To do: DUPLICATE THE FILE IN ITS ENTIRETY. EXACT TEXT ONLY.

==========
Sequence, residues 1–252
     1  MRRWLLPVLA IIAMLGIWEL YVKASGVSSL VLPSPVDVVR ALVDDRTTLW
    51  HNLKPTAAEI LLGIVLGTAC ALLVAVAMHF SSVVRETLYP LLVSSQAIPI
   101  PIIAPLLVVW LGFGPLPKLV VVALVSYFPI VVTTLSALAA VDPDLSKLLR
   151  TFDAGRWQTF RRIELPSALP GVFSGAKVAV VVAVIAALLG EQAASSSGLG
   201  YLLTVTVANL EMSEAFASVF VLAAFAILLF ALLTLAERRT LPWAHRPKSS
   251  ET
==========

Sequence, residues 1–252
     1  MRRWLLPVLA IIAMLGIWEL YVKASGVSSL VLPSPVDVVR ALVDDRTTLW
    51  HNLKPTAAEI LLGIVLGTAC ALLVAVAMHF SSVVRETLYP LLVSSQAIPI
   101  PIIAPLLVVW LGFGPLPKLV VVALVSYFPI VVTTLSALAA VDPDLSKLLR
   151  TFDAGRWQTF RRIELPSALP GVFSGAKVAV VVAVIAALLG EQAASSSGLG
   201  YLLTVTVANL EMSEAFASVF VLAAFAILLF ALLTLAERRT LPWAHRPKSS
   251  ET